This is what keeps me going. We are kids but we have a lot to offer, we have a lot of power to bring about change.
UNAIDS: So as a peer educator what do you do? What do you talk about?
Chloe: As peer educators we talk to fellow high school students mostly. Sometimes we have community-wide activities where we have a mix of students from different schools in the municipality and we also have sessions with pregnant mothers, fathers and sometimes we also have activities with elderly people. A popular joke among us is that if you promise food everybody will come. So we always serve food at our sessions and people come happily.
As a peer educator, I spread knowledge. We talk to teenagers about all types of things from ‘how to connect better with your parents’ to more technical things like ‘how to avoid STIs’ and ‘how to protect yourself’,’ what your sexual reproductive rights are’ and about adolescent sexual and reproductive health in emergency settings.
UNAIDS: As a young person talking about serious and complex topics, what are the challenges that you face?
Chloe: Coming from a religious country there are some challenges. For example, I started last year at the youth health summit as a trainee. There we participants who agreed with a statement had to line up at one side and those who disagreed lined up on the opposite side. For the most part every statement was unanimous when there were common questions like “Is HIV contagious?” and everyone would line up at the same side to disagree.Then a statement was made -“safe abortion should be available to women.” I thought I had people following me to agree but then when I looked back, I was the only person there who agreed with the statement. The facilitator later told me that there were religious groups among us that were actually angry at my decision. They were whispering about me behind my back. I had to clarify that I disagreed with the concept of abortion but I believed that women are going to do it anyway and hence it is important that they were provided safe places to get abortions.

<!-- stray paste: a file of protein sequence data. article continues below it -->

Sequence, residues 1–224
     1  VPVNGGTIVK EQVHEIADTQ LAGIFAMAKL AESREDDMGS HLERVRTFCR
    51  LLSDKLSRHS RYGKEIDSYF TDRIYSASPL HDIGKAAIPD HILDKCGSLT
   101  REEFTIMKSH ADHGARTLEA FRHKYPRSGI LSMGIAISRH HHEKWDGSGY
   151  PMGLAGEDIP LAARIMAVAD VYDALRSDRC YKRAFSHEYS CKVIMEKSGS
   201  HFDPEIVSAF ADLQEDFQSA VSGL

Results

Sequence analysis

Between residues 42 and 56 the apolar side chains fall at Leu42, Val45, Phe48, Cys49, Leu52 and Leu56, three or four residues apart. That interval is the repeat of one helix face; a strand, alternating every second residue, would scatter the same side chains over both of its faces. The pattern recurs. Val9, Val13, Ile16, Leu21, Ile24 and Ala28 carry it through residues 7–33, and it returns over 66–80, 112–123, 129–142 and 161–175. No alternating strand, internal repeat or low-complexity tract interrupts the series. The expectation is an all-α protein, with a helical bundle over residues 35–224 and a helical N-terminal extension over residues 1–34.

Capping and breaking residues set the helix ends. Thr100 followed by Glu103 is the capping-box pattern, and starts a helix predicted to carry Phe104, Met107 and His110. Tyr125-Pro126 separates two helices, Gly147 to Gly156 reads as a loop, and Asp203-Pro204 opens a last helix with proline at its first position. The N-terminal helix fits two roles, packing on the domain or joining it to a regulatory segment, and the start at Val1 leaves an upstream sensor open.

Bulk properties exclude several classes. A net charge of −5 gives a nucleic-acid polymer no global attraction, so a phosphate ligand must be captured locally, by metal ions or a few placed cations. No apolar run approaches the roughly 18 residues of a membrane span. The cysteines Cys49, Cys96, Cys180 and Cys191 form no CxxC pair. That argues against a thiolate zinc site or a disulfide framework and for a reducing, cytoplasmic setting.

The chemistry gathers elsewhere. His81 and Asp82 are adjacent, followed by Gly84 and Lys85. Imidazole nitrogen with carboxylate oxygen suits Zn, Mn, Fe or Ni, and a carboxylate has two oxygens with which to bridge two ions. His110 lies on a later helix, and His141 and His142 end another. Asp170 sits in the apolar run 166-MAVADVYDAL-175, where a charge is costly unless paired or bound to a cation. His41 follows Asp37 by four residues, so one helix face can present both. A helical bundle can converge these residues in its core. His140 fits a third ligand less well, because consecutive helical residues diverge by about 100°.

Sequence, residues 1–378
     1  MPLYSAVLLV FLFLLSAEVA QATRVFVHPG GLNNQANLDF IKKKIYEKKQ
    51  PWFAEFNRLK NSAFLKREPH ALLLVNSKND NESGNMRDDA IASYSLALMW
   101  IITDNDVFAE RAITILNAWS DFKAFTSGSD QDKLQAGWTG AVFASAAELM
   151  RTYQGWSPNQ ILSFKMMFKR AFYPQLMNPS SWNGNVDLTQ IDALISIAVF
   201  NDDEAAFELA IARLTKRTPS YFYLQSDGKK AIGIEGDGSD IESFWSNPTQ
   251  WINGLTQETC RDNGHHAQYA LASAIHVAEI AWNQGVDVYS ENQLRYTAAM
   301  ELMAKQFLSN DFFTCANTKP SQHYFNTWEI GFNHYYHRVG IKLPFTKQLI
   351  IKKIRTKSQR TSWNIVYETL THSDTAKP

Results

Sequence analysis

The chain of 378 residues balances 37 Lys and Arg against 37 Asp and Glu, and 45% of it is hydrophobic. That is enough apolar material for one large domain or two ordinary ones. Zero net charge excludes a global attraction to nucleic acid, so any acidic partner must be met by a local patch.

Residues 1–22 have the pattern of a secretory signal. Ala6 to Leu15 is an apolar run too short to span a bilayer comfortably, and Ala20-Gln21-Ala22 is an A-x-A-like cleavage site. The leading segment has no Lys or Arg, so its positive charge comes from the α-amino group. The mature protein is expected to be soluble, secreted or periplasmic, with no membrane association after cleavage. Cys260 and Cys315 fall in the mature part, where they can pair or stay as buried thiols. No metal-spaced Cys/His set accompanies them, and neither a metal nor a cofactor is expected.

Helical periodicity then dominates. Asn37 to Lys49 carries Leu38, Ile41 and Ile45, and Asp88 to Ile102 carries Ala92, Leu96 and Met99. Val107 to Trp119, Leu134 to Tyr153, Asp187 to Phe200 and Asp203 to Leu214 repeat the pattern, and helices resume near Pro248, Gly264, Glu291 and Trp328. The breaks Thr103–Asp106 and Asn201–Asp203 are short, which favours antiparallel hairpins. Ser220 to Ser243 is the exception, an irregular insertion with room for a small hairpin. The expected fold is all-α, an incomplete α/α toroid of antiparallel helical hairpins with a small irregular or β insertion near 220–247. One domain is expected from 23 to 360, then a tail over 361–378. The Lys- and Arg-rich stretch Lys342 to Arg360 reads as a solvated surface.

UNAIDS: What do your parents feel about your work? Do they have any concerns?
Chloe: My parents get shocked with the terminology I use such as sex and condoms. They are concerned that I might get heckled because the teenage boys I talk to are older than me. I am a girl so they do worry about my safety. Sometimes I travel to faraway places. Last year I went to a mountainous area and our car broke down. They worry about these kinds of circumstances. They also worry that I may not be taken seriously because after all I’m only 15!
Do you see yourself continuing to be a peer educator in the future?
Chloe: Yeah I think so. Last June I had a training on adolescent sexual reproductive health in emergencies. It was a national training. I shared what I learnt there at the local colleges in my town. I may not be a peer educator forever but but I’m already conducting trainings and actually training people to be peer educators. That’s probably what I will do. I want to become a neurosurgeon and alongside that, I can be a mentor and continue my advocacy work.